Annual Heating and Annual Cooling Load results were reported for most cases, except for L302-L324A which only analyzed heating. WUFI Passive results fell well into the suggested acceptance ranges in all test cases when following Class II Procedures of ASHRAE Standard 140.  Most results fell toward the center of the confidence range as shown in the graphs below.
AHL Results

ACL Results

Authors: Lisa White, Jasmine Garland

 

A mid-cycle tweak of PHIUS+ 2018

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Space conditioning targets have been adjusted to reflect a statistical ‘Inclusive Fit’ rather than ‘Best Fit.’

PHIUS officially launched the PHIUS+ 2018 Passive Building Standard just over a year ago at the 13th Annual North American Passive House Conference in Boston. The passive building market seems to approve: not only have we gotten a lot of positive feedback from CPHCs and other design professionals, but PHIUS+ Certifications continue to increase. The most notable upgrades from the PHIUS+ 2015 standard add nuance to the space conditioning targets, adjusting them for building size and occupant density – passive building professionals do seem to appreciate this.  Another notable upgrade provides tiered source-energy targets and methods to hit those targets, depending on project goals.

Through the end of September 2019, PHIUS certification staff had the discretion to grant an exception for one of the four main space conditioning target criteria, as outlined in PHIUS+ 2018 Passive Building Standard-Setting Documentation, page 6. This allowance gave teams with projects already in planning some assurance that their efforts would not be wasted if their designs could not be revised to meet the new targets.  If a project was severely constrained on meeting a target, a “mulligan” could be granted based on majority vote from the certification staff. This also allowed flexibility in case the targets didn’t pan out in the real world even for clean-sheet designs.

Read the Full, Detailed Tech Corner Article

This “3 out of 4 ain’t bad” provision has now come to an end, and we have learned a lot from the many projects that have gone through the process. These case studies have allowed us to complete a mid-cycle evaluation of the standard. Determining optimum performance targets is an iterative process, and gathering feedback for future improvements is part of it. Thank you to all the teams that have certified to PHIUS+ 2018 helping us to dial in these improvements.

Moving forward, space conditioning targets have been adjusted to reflect a slightly different statistical fit from the original space conditioning target-setting process — an ‘Inclusive Fit’ rather than ‘Best Fit’ line. These updates will not disqualify any previously submitted projects in the PHIUS+ 2018 Certification process, as they are more inclusive than before. One sample graph of this is shown for the Peak Heating Load.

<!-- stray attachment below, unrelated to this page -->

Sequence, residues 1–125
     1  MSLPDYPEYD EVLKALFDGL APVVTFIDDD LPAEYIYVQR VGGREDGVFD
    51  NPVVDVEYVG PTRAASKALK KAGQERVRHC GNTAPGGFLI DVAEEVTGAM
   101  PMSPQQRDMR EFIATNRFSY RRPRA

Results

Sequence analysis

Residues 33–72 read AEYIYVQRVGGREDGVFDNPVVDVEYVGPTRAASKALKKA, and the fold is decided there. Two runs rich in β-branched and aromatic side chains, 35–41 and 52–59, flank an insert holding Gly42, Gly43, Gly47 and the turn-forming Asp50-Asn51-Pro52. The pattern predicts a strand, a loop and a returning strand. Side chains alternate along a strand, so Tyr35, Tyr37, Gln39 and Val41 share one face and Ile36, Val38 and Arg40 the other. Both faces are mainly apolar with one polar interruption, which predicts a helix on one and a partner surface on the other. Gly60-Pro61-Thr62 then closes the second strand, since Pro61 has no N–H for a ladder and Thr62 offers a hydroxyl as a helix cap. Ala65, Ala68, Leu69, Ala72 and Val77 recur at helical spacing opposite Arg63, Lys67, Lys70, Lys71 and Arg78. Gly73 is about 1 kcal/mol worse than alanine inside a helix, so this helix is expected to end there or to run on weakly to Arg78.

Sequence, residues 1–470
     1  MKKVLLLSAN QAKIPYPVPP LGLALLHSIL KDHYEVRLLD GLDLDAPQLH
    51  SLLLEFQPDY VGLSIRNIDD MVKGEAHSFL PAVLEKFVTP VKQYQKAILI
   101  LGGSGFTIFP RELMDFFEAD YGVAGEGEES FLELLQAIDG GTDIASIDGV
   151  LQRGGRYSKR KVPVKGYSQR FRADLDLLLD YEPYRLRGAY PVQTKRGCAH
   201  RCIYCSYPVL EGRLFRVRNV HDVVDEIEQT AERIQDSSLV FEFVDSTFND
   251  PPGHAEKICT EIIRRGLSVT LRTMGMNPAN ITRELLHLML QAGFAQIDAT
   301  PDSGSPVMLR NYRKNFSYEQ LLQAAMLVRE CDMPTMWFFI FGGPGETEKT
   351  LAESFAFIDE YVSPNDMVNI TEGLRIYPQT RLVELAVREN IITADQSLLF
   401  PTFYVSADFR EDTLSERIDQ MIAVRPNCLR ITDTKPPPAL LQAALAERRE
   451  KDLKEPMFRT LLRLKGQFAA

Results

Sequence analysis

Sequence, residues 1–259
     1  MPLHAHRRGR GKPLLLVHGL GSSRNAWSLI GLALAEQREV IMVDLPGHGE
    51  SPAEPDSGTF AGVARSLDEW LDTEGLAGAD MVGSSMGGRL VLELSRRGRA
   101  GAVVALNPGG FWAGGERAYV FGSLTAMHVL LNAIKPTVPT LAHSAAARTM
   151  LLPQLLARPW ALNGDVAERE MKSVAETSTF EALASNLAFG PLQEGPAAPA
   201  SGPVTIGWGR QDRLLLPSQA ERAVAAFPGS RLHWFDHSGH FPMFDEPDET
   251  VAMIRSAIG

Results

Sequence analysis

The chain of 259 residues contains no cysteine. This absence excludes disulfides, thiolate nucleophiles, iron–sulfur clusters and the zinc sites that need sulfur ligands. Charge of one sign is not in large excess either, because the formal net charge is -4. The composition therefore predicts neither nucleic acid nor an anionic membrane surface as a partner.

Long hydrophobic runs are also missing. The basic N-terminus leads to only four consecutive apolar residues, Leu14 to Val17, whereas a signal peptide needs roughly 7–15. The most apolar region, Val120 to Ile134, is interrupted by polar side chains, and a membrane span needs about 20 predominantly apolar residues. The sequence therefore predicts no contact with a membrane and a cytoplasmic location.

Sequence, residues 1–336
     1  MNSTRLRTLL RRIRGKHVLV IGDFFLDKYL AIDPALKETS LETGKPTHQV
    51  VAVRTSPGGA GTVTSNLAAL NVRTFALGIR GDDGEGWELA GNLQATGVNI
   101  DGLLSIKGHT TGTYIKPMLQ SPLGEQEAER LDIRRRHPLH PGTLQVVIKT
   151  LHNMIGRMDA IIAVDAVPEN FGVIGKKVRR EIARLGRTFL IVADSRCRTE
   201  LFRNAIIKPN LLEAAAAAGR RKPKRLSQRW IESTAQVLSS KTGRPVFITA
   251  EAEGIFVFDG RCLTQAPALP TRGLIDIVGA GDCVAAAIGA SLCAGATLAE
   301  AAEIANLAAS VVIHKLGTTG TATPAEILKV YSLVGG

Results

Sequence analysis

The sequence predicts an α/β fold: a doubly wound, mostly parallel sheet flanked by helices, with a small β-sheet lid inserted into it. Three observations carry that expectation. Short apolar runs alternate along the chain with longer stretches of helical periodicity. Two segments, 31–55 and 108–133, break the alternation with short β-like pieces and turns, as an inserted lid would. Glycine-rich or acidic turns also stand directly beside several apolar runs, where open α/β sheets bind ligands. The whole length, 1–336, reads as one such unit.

The Space Conditioning Criteria Calculator has been updated.

The Space Conditioning Criteria Calculator has been updated.

The resulting updated targets will be:

Cooling Demand = Original Target + 2.81 kBTU/ft2yr 

Heating Load = Original Target + 0.77 BTU/ft2hr

Cooling Load = Original Target + 0.45 BTU/ft2hr

The PHIUS+ 2018 Space Conditioning Criteria Calculator v2 has been updated to reflect the updates. Note the ‘v2’ at the end of the naming convention. 

Note

  • Projects with a contract date before October 1, 2019 may utilize only one path, (1) Use the updated calculator ‘v2’ or (2) Meet 3 of 4 space conditioning targets as described above.
  • Projects with a contract date after October 1, 2019 may only use the updated v2 calculator.

More details on this, as well as the graphs supporting the statistical analysis can be found in this Tech Corner Article

 

Exhaust fans and make-up air

SONY DSC

PHIUS Certification Manager Lisa White weighs in on a common challenge for passive house designers.

When it comes to exhaust for the kitchen range/cook-top, either a re-circulation hood or direct exhaust hood is allowed in PHIUS certification, and among projects in certification, there has been no dominant approach — we see it both ways about equally. 

When projects use kitchen hoods that exhaust directly to the outside, it’s common practice to provide makeup air relief when the hood is in operation. This is because that additional exhaust airflow is separate from balanced ventilation system, the building is very air-tight, and without pressure relief, the exhaust airflow causes slight depressurization in the building.

PHIUS has been asked to clarify if makeup-air is required for projects when direct exhaust is utilized in the kitchen. The short answer is, it depends. The longer answer is below.

The ventilation balance  requirements for certification are outlined in the PHIUS+ Certification Guidebook v2.1 Section 3.5.3.3, and copied below:

Regardless of type, the ventilation system must meet one of the following requirements for balance:image-2

  1. Total measured supply and exhaust airflows are within 10% of each other. (Use the higher number as the basis of the percentage difference.)